Adam Rocks Air 1.0 Turbo
motorists name their cars,
so it was rather clever of Vauxhall to
do the same to their
city car meet Adam. The question
is: Like his name, does he rock?
We took him on a week-long road-trip
to find out...
CITY CARS THEY MAY ON PAPER BE, but the Adam family are much more adventurous
than that; while perfectly suited to a metropolitan lifestyle they are more
than comfortable everywhere else there are roads whether
they're hilly, snaking or just plain long and arrow-straight.
Essentially the Adam is a 2+2 three-door hatchback wearing a sharp set of clothes
that, while adventurous enough to appeal to fashionistas is still stylish enough
to get you into the VIP car park at Wimbledon without contravening the official
Our test car looked the biz and drew lots of thumbs-up both from other drivers
as well as car park foot traffic not at all surprising given it
was resplendent is bright metallic blue with its black glasshouse capped by
a jet black electric folding canvas roof.
with christening their motors, today's motorists also have an appetite for customising
their cars to reflect their personalities.
petrol engine is
a real live cracker
willing and eager
to give its all
and with impressive
Always eager to please, Vauxhall offers a range of personalisation options that
includes 19 body colours, 7 roof and mirror casing colours, plus 25 alloy wheel
designs. Combine these with the many trim and decal packs available and creating
a unique Adam that's unlike any other on the road should be a piece of cake.
As on the outside, so on the inside your Adam's cabin can also
be personalised to suit, courtesy of multiple seat trims, fascia colours and
different roof linings along with numerous 'decor' panels for the fascia which
have the added advantage of being changeable (your friendly Vauxhall dealer
will do it for you) so, like your kitchen, you can refresh as and when. Nice
While under the bonnet you can have anything from a 1.0-litre up to a turboed
1.4 driving the front wheels, Vauxhall's all-new 1.0-litre three-cylinder petrol
engine (mated to a six-speed manual gearbox with a positive, slick-shifting
gear throw), is a real live cracker that's willing and eager to give its all
and with impressive smoothness too.
Fed by direct injection and boosted by a turbo it punches out a lively 113bhp
and it just loves to rev. Backing up the power is a useful 125lb
ft of torque that's available all the way from 1,800 to 4,500rpm. All of which
is enough to take you to a top speed of 121mph with the benchmark 0-62mph hit
and passed in an eager 9.9 seconds (it actually feels quicker).
If you're worried that just three cylinders and 998cc means extra work for the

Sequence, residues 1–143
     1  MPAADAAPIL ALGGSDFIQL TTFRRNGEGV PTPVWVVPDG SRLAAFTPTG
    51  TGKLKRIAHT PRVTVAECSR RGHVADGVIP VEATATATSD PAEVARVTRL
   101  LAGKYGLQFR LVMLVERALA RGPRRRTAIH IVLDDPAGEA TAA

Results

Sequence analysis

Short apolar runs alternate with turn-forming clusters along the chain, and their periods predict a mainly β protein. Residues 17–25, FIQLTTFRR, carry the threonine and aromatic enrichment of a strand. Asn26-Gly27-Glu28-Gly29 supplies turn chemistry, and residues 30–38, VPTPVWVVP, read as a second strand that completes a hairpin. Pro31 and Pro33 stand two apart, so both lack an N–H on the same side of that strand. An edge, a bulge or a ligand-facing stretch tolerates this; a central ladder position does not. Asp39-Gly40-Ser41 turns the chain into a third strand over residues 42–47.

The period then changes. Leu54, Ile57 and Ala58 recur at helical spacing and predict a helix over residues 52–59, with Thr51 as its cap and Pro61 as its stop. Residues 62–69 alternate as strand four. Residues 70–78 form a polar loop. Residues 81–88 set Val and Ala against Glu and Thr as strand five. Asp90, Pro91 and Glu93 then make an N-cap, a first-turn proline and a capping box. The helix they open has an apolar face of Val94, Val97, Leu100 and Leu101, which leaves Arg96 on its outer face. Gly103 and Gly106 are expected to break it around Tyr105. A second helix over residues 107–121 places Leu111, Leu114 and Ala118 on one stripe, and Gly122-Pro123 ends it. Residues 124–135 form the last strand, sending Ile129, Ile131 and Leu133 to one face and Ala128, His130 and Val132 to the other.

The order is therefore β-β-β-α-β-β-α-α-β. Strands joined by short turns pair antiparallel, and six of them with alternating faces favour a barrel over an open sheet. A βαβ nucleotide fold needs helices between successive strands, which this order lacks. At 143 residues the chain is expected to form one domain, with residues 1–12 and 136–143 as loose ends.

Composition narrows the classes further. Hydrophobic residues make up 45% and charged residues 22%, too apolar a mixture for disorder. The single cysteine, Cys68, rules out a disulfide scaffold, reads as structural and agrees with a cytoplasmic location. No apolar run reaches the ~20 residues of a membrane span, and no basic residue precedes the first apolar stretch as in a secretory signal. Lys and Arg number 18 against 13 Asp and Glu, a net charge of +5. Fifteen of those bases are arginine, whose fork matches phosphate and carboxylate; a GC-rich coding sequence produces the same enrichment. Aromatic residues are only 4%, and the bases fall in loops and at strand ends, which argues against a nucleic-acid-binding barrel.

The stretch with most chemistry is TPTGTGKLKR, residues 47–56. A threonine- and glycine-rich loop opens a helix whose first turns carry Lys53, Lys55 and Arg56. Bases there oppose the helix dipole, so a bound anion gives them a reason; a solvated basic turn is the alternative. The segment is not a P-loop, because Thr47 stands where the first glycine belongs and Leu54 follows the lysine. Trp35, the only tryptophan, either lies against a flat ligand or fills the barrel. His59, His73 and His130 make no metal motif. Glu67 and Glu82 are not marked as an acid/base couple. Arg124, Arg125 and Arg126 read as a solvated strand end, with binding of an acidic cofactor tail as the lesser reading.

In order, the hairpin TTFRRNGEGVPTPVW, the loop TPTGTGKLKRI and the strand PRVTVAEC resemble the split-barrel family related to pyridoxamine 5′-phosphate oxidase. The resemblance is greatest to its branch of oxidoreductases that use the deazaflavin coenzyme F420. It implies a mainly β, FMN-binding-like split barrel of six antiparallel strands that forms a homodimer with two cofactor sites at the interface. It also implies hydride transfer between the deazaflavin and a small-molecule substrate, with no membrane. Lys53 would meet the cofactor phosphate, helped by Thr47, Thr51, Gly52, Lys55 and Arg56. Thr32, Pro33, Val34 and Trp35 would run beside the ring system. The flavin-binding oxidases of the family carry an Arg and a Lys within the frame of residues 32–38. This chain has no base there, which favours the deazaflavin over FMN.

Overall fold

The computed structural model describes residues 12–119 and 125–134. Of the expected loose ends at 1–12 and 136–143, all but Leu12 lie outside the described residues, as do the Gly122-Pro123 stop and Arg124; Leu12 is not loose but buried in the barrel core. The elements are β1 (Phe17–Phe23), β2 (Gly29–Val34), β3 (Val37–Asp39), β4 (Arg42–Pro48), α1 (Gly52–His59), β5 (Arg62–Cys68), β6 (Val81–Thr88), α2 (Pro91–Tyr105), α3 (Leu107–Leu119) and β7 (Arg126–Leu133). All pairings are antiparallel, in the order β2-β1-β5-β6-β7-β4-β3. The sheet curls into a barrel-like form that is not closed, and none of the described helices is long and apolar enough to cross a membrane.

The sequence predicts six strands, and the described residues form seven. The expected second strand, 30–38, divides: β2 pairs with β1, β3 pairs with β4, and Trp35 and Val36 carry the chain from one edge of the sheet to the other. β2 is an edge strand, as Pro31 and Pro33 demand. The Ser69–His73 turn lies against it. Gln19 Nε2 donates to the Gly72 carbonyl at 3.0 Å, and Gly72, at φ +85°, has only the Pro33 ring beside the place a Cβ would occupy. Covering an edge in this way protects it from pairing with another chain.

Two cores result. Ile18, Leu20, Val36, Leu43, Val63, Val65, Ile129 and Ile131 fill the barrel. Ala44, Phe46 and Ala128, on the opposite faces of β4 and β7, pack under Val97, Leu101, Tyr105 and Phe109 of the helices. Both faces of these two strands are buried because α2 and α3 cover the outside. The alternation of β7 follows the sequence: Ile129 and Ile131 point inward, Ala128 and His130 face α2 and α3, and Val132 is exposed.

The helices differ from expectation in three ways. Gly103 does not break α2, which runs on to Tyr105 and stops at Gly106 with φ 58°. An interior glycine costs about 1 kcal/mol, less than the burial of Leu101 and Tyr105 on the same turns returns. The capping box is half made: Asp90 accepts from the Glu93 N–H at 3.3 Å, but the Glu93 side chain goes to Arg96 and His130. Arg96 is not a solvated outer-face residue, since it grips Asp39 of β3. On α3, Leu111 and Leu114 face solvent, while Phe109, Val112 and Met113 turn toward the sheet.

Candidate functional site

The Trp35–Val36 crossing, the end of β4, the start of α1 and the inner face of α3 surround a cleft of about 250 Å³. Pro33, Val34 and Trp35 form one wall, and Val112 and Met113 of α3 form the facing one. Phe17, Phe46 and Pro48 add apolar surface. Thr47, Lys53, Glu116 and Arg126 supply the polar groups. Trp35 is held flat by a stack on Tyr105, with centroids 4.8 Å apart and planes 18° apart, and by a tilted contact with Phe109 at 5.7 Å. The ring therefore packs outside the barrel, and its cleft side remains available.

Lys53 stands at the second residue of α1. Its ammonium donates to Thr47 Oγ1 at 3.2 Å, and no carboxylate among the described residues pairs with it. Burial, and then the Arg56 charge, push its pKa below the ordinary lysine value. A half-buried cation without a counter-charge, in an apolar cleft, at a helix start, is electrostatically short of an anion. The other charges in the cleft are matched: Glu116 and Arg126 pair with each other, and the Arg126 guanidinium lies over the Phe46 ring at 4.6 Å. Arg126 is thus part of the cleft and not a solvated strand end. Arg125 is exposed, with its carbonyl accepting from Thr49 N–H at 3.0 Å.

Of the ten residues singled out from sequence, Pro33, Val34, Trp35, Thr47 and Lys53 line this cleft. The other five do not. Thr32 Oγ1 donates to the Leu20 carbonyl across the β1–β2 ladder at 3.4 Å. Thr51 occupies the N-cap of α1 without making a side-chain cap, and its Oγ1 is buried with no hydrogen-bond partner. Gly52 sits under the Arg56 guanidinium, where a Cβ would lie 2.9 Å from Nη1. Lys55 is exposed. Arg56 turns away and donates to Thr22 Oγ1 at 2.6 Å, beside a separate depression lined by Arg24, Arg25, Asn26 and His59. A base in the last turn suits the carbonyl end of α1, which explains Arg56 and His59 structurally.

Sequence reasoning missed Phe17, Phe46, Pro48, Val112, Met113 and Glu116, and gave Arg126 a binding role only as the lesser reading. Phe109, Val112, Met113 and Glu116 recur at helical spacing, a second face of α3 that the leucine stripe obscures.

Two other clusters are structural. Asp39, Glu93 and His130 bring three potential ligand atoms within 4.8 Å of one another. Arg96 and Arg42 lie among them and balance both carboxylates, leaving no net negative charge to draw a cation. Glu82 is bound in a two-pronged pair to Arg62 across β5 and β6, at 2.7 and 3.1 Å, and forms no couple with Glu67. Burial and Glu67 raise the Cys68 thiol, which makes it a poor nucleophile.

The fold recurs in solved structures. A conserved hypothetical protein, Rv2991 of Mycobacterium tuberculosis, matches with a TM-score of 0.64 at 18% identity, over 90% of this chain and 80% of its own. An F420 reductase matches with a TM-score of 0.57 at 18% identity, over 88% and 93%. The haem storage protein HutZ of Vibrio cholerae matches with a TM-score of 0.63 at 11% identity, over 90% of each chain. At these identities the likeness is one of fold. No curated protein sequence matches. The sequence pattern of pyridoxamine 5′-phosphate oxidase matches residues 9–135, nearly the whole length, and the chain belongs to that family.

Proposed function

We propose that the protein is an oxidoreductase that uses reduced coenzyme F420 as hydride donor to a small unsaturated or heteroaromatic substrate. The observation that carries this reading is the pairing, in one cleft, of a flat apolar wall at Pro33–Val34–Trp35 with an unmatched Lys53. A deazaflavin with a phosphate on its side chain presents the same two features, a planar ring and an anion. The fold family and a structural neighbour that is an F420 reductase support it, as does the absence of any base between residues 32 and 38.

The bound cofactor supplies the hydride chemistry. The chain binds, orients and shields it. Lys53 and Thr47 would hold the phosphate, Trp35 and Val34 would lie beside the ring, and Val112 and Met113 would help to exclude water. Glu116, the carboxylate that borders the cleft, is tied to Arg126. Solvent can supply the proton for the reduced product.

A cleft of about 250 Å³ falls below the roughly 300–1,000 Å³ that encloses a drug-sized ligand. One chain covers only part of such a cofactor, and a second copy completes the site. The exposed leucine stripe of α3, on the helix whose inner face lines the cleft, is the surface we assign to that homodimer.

engine with economy taking the fall for the peppy performance, then check out
the official consumption figures: 44.8mpg in town; 55.4 combined, and 64.2mpg
Confirming these, a week spent enthusiastically whizzing around saw our three-pot
Adam average 49.9mpg. Along with Stop/Start, an ECO mode which,
thankfully, doesn't appear to cramp the performance and emissions
of 119g/km, Adam is pretty cheap to run with no road tax to pay in the first
year and only £30 every twelve months thereafter.
that doesn't rock your boat then power open the big fabric sunroof and find
yourself some entertaining blacktop. Because despite the hint of off-road styling
(enhanced by black wheelarch protectors that sit proud of the bodywork), the
Adam is more than game for some 'catch me if you can'.
A week enthusiastically
whizzing around saw
our three-pot Adam
Add in low emissions
and that makes Adam
pretty cheap to run...
grip is surprisingly good (helped by 225/35 lo-pro Continental rubber) and it
can be pushed along snaking country roads with some enthusiasm. The light-ish
electrically-assisted steering is accurate and feeds back a fair amount of information
to the driver (for urban driving and parking you can, should you wish, press
the 'City' button to lighten it even more).
A fast-acting stability system keeps it all together even on the limit and on
motorways it feels reassuringly 'planted' at the legal limit. The brakes
discs at each corner are dependable and effective enough; you
probably won't even notice them doing their job. Which is exactly as it should
Ride-wise it's a tad on the firm-ish side but despite that still does a decent
job of coping with Britain's third world tarmac we certainly had
no complaints. That said, on speed humps and potholes it's wise not to push
The cabin, too, is a place you'll be happy to spend time. The first thing you'll
notice after the striking body-coloured fascia insert that's repeated
on the gearlever console and doors is the quality of the fit and
finish underscored by plenty of upmarket detailing to the switchgear and air
vents. A touchscreen is your interface with the infotainment system; many of
the traditional 'switched' functions have been migrated to the touchscreen and
it's all very easy to use.